This article briefly describes how backflow can occur, and the need for backflow prevention in plumbing installations. The page here briefly describes what backflow is, and the need for backflow testing in South Australia.
How does backflow occur?
Backflow most commonly occurs by back-siphonage. A siphonage event can occur any time a water supply pipe is breeched at your house, or when a water main is shut off in the street. Typically when water is shut off, it’s to enable maintenance to the plumbing system which usually sees water leaving the pipework. As water drops out of the pipework through wherever it is being worked on or otherwise breeched, water upstream will make it’s way backwards through the system. Any water upstream which is contaminated by something that either tastes nasty or is toxic could then contaminate all of the pipework which is subject to the shut off.
Because water shut-offs happen with relative frequency and without notice, it’s important that potential sources of contamination are isolated from the water supply in a fail proof way.
Toilet cisterns as an example
You wouldn’t like it if the contents of your toilet cistern siphoned back into your pipework, and you then filled a glass with water at the kitchen sink. To eliminate the possibility of that occurring, cisterns are designed to have the water fall into it from above the fill level. This is called an air gap. The air gap make it impossible for the water to siphon from your toilet cistern into your water supply pipework.
Common backflow prevention devices
Air gaps are the perfect solution for preventing back siphonage in some situations but they aren’t always a practical means of preventing backflow. In many situations, isolating a potential source of contamination from potable water requires a purpose made backflow prevention device. The most common devices are double check valves and reduced pressure zone devices. Both of these devices have two spring loaded check valves. The RPZ also has a spring loaded vent on a chamber between the checks called the reduced pressure zone. Providing that the valves seal against their seat, and the spring is able to press the valve shut, either one of the check valves will stop a backflow event from occurring.
The double check valve
In the image above, the water comes in from the left and flows to the right. The check valves are shown in their closed position which is where they rest when no water is flowing. The check valves will only open when the pressure drops (usually by opening a tap) downstream of the assembly. If the pressure drops upstream of the assembly, the upstream water can’t possibly flow backwards through the assembly because the check valves are sealed shut.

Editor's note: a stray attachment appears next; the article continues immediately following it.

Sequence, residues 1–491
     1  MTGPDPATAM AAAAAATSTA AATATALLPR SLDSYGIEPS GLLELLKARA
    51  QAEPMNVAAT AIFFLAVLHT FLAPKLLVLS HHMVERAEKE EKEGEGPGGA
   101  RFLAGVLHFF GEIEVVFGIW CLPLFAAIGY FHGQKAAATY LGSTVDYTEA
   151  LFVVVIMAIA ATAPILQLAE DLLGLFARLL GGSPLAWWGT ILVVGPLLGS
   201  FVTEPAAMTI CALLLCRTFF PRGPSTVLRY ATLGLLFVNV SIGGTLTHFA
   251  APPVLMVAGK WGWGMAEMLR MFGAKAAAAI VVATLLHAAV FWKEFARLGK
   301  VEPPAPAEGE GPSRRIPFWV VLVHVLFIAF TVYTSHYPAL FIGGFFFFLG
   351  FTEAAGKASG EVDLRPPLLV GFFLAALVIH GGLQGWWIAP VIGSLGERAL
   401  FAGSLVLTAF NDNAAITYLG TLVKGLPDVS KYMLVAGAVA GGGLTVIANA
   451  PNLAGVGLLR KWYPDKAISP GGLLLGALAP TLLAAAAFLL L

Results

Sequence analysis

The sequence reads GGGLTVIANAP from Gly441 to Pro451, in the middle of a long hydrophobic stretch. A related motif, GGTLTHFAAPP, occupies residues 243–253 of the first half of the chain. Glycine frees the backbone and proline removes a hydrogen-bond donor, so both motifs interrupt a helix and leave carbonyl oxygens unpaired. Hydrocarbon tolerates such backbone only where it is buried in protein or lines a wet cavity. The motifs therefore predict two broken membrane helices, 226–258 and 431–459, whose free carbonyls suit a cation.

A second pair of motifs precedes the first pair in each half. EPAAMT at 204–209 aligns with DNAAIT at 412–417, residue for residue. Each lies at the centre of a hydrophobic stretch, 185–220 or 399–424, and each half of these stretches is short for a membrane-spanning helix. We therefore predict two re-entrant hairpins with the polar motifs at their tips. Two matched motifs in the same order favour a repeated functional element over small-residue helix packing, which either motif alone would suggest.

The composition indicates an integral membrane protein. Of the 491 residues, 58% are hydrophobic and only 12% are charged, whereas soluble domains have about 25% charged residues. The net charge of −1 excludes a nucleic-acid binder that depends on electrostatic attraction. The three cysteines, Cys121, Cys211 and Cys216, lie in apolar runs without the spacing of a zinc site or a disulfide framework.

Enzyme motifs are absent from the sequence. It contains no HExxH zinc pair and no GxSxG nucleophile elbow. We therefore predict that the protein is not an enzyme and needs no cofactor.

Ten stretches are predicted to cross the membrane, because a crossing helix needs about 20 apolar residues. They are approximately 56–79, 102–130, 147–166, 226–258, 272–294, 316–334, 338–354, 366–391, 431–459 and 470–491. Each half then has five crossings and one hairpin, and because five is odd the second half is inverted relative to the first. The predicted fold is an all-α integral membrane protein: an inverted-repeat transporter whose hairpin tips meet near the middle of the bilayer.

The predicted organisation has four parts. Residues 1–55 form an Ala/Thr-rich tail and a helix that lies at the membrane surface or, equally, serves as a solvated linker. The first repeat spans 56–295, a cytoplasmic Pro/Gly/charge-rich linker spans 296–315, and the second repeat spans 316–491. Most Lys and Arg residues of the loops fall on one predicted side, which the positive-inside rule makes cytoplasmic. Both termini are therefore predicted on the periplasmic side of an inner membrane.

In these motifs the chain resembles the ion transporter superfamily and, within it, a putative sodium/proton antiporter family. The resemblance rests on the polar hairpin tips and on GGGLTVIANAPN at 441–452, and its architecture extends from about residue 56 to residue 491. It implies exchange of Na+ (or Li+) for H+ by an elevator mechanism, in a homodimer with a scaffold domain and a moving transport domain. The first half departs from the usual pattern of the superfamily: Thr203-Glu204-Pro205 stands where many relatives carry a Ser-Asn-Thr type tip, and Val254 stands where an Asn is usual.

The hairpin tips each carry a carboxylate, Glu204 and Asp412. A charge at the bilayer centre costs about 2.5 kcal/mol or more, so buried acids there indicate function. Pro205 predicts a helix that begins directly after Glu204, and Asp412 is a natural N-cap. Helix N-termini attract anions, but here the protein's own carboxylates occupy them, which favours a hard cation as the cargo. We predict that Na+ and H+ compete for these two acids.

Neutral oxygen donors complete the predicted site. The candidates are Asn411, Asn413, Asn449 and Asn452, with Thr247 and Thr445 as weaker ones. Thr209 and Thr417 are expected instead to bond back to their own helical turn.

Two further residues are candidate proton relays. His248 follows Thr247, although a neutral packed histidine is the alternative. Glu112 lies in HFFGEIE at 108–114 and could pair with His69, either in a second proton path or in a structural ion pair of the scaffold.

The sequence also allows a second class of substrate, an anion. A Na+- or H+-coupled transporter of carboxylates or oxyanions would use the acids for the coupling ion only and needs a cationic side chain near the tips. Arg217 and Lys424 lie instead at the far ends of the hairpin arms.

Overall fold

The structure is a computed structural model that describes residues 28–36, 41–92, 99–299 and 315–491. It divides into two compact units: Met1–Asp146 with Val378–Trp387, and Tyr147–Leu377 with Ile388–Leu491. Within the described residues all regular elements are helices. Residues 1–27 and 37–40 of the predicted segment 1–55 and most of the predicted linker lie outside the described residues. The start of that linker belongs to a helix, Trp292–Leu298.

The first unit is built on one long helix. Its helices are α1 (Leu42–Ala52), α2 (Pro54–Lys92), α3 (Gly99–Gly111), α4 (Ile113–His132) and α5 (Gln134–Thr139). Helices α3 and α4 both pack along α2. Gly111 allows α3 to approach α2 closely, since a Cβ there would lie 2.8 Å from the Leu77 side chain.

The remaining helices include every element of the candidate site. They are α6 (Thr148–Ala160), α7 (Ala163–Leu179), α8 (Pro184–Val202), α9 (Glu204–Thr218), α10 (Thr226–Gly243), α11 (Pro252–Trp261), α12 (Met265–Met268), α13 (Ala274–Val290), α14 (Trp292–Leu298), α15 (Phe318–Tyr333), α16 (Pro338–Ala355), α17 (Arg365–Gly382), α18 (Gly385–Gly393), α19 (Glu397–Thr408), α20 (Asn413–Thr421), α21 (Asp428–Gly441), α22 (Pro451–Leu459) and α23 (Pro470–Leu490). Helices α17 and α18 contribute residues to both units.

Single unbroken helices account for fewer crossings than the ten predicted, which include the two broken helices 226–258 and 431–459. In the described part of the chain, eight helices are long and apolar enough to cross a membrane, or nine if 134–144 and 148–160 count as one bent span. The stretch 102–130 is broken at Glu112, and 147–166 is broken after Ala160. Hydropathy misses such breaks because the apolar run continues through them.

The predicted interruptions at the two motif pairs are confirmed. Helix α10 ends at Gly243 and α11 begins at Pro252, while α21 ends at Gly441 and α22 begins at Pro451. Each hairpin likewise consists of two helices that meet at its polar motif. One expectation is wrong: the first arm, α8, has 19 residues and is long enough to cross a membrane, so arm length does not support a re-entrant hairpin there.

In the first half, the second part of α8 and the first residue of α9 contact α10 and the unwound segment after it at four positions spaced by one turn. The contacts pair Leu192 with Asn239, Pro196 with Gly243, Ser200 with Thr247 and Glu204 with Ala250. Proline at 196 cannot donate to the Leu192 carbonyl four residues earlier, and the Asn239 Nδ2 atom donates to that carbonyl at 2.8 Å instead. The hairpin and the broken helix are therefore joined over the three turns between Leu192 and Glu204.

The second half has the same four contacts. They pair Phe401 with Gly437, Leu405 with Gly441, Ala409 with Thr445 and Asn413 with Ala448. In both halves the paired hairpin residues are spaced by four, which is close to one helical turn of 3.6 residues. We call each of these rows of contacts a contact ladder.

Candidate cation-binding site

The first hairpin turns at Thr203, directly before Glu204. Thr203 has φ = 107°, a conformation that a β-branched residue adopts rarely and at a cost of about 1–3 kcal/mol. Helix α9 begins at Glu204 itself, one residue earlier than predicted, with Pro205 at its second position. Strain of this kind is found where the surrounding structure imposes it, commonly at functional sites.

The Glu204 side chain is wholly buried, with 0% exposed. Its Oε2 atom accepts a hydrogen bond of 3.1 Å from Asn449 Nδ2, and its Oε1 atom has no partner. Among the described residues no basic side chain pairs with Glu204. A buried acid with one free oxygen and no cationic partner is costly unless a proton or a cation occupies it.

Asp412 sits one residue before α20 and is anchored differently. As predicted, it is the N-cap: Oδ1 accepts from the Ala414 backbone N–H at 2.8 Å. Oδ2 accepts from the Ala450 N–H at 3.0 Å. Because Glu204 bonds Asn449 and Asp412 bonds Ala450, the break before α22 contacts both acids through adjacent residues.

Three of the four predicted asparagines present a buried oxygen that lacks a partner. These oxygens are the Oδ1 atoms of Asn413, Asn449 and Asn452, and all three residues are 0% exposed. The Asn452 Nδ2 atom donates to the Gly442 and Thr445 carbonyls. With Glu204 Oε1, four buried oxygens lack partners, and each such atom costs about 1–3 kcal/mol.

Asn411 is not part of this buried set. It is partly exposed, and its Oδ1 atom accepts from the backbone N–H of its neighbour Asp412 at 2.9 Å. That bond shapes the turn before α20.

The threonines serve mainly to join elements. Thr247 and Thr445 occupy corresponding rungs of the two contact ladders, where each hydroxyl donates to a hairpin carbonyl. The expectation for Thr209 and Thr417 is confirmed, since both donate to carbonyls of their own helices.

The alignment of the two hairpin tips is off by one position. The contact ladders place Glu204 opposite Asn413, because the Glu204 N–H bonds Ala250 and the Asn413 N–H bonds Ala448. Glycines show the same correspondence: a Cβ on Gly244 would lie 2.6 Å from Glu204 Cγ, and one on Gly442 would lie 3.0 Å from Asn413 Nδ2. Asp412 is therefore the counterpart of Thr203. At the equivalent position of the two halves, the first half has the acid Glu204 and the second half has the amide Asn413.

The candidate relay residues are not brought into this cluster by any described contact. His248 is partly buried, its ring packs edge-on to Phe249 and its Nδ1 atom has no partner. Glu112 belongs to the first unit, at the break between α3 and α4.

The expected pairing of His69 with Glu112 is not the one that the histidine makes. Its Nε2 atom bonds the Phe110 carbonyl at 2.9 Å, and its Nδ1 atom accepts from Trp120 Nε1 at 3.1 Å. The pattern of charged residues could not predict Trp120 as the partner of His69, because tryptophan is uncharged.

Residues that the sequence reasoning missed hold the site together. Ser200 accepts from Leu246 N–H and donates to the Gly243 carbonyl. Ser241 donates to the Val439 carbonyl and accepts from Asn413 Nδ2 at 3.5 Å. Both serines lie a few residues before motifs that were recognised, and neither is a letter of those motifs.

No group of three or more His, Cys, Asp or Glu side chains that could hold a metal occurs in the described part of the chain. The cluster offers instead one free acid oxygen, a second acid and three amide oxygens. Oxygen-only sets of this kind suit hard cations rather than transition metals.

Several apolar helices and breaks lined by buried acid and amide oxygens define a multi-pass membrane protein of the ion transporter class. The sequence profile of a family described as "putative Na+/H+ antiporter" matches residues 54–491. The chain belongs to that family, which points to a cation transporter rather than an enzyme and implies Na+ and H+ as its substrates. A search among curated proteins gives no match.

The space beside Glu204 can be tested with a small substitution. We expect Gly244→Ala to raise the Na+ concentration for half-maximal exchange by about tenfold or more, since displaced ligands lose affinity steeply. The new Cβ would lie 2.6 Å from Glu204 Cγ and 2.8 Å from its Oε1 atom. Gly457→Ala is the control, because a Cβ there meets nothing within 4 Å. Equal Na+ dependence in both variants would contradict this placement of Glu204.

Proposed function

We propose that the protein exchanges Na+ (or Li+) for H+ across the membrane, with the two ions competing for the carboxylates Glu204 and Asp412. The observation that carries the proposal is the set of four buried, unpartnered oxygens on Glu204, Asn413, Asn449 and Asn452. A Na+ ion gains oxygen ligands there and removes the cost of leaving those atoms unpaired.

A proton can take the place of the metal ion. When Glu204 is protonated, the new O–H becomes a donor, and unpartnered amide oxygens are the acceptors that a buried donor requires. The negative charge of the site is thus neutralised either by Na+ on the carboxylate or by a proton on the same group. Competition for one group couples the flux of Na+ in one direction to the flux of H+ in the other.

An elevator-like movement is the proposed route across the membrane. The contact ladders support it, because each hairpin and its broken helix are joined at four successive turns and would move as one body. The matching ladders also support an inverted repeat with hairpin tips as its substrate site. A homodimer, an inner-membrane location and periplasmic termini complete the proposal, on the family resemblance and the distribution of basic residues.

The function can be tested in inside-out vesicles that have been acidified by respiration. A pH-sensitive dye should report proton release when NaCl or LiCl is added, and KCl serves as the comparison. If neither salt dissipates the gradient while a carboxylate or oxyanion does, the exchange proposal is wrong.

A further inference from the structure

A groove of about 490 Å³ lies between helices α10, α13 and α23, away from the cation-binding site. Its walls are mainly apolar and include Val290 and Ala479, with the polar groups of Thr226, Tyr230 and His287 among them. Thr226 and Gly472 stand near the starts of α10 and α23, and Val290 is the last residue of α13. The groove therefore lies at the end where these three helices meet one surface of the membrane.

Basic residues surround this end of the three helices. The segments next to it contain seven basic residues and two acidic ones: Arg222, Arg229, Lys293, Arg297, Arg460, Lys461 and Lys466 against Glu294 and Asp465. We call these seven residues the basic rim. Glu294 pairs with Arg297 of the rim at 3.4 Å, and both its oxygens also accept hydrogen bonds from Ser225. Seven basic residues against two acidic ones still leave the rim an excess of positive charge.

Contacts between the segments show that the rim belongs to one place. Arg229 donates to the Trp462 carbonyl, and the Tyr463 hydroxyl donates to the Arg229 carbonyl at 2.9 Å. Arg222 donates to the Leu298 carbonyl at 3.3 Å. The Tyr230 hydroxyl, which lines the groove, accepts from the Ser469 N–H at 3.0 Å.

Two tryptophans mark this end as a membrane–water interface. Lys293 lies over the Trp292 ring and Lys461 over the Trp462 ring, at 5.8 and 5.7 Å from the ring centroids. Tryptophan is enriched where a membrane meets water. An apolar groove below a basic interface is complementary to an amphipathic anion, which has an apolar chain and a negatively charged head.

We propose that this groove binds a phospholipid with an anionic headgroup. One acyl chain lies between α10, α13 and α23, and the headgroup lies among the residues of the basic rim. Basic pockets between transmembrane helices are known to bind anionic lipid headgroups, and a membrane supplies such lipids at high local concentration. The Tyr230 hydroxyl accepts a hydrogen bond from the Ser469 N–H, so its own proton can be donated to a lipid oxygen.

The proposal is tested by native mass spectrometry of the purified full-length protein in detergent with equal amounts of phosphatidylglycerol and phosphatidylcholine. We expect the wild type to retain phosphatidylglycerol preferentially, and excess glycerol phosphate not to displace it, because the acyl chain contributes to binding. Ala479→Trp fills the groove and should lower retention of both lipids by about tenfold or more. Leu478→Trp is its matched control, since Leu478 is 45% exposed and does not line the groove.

The reduced pressure zone device
The RPZ device provides three elements of backflow prevention where a double check valve provides two. The third component is the vent attached to the chamber between the first and second checks. The vent is held open by a spring and only held shut by the difference in pressure before and after the first check. If pressure is lost on the supply side of the first check, the vent will open and thereby empty the chamber between the checks. The effect of this is that an air gap is created between the supply and the hazard. This makes the RPZ suitable for high hazard applications while the double check valve is suitable for medium hazards.
Hazard ratings are essentially defined by the national plumbing code AS3500 as;
High – Any condition, device or practice that, in connection with the drinking water supply system, has the potential to cause death.
Medium – ” the potential to endanger health.
Low – ” constitutes a nuisance but not endanger health or cause an injury.
Low hazard situations can be protected against by using a dual check valve – a different device to the double check valve. The difference between a dual check valve and a double check valve is that the double check valve can be tested and repaired with replacement parts while the dual check valve has no provision for testing.
Because mechanical devices are subject to failure, and because backflow prevention is so important, it’s necessary to know that the valves in a backflow prevention device are working. Double check valves and reduced pressure zone devices are fitted with test cocks which allow for pressure testing. Laws of physics allow pressure testing to conclusively confirm that a device is working by testing pressure differences before and after a check valve. This works because where a spring bearing a force of 10kPa pushes against a valve in a water supply system, the water supply system will lose 10kPa of pressure downstream of the spring loaded valve. For example, if the static supply pressure is 500kPa, and the water passes a spring loaded check with a spring force of 10kPa, the static pressure downstream of the check valve will be 490kPa (500kPa – 10kPa = 490kPa).
The water supply authority is burdened with the responsibility of ensuring that the water supply is fit for public consumption. The same authority or a delegation thereof will maintain a register of backflow prevention devices. This register is used to ensure that backflow prevention devices are kept in working order. The water supply authority encumbers the land title of a property when device testing is due for renewal every 12 months. Encumbrances are lifted when backflow test certificates are received by the authority.
In South Australia, the Office of the Technical Regulator maintains the register of backflow prevention devices.